Concept

Queen Sirikit Park : Agricultural Patching

Queen - Queen Sirikit - Park - Nature - Garden - Grass - Banana - Forest

Queen Sirikit Park, covers 22.4 Hectare, has been open to public since 1992 with the purpose to collect and exhibit native plants of Thailand. Shma Co., Ltd’s involvement started in 2007 when the park was renovated and 4 new gardens were added to its existing collections;

1. Garden of Fragrant Plants (Renovation, completed July 2008)
2. Garden of Musaceae Family (Renovation, completed December 2008)
3. Garden of Rubiaceae Family (Renovation, completed July 2009)
4. Garden of Domesticated Grasses (Additional, completed July 2010)

 

Goal and Criteria

The overall design aims to strengthen the goal of the Park to raise public interest and awareness of the rich floral heritage of the country. By means of the design and the careful planning of spaces and sequences, visitors are guided to experience each collection’s distinctive characteristic and quality.

The major criteria of the renovation are the well established nature of the existing park and the ongoing use of the public. The choice of construction method and material are to crucially respond to these criteria as well as the minimum budget. Materials are either off site prefabricated (pre-tensioned concrete plank and concrete grass block) or by-products (granite & marble chips). They are quick and easy to install, reusable, porous and impose minimum impact to the ground.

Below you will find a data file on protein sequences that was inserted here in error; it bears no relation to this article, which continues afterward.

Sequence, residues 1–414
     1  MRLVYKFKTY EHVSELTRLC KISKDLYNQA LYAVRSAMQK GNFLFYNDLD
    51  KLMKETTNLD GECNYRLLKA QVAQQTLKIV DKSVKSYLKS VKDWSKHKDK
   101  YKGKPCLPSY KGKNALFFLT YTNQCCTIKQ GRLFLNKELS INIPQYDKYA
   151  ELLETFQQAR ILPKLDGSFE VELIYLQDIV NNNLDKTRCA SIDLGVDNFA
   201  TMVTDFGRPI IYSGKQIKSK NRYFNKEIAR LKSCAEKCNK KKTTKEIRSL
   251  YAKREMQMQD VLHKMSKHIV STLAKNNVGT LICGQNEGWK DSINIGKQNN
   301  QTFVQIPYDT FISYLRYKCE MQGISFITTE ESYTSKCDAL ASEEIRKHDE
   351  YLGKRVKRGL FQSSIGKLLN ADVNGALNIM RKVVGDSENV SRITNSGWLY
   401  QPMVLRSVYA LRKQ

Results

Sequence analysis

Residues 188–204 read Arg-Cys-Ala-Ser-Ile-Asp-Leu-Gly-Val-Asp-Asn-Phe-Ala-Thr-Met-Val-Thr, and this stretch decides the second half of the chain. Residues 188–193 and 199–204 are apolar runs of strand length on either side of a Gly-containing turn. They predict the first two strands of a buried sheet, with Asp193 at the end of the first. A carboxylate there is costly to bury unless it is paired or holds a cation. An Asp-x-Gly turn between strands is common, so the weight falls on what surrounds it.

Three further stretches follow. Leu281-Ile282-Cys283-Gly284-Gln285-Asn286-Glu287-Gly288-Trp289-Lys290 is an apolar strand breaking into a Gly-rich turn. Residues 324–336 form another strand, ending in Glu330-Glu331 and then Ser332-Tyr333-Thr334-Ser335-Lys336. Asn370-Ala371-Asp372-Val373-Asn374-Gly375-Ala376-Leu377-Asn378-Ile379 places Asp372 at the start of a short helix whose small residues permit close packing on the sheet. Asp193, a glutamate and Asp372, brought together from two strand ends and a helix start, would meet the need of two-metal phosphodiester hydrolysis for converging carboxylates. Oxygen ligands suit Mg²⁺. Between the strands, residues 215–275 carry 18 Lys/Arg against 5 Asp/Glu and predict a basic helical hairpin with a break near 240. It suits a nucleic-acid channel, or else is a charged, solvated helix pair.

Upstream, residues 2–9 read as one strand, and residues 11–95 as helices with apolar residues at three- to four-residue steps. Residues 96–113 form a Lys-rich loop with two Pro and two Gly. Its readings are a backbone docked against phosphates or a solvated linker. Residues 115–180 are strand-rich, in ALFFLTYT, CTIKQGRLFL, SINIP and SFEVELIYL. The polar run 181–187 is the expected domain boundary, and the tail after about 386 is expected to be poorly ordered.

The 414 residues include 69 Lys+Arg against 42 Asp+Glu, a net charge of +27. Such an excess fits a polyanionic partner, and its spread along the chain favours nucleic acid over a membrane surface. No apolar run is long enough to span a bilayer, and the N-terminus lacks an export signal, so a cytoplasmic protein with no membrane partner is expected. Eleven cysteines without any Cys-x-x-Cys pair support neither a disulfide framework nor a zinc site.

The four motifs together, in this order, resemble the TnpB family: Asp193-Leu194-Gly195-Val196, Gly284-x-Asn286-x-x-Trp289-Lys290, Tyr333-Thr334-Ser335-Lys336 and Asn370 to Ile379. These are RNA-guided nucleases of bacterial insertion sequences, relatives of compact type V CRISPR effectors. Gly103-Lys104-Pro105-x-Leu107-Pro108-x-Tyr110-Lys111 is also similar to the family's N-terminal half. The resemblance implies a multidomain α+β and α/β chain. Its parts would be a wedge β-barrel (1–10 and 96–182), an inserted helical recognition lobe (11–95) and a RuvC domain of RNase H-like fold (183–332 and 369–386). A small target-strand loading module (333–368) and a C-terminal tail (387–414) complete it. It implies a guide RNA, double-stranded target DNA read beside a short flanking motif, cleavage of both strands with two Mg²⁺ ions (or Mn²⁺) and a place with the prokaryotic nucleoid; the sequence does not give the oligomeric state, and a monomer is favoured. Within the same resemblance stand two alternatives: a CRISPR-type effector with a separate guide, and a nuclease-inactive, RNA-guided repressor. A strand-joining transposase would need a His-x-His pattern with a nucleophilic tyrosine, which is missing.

‘Agricultural Patching’ At Garden of Domesticated Grasses

Grass is a big Family of plants and 3 of them that have a significant role in human life are bamboo, rice and maize. The cultivation of these three crops marks the land and creates distinctive patterns. The design for the Garden of Domesticated Grasses naturally adopts this pattern to recreate agricultural patchwork in the heart of Bangkok, once the important rice cultivation area on Chao Phraya River delta.

Layers of spaces characterized by their use; rice & maize field and rows and grove of 17 Genuses, 70 species of bamboos are weaved together to form the recognizable agricultural pattern.  This is overlaid by another layer of space; marble chip field dotted with bamboo bench under the shade of existing mature trees. Visitors to the garden rest at and observe the on going process of cultivation from these spots the way farmers do in their field.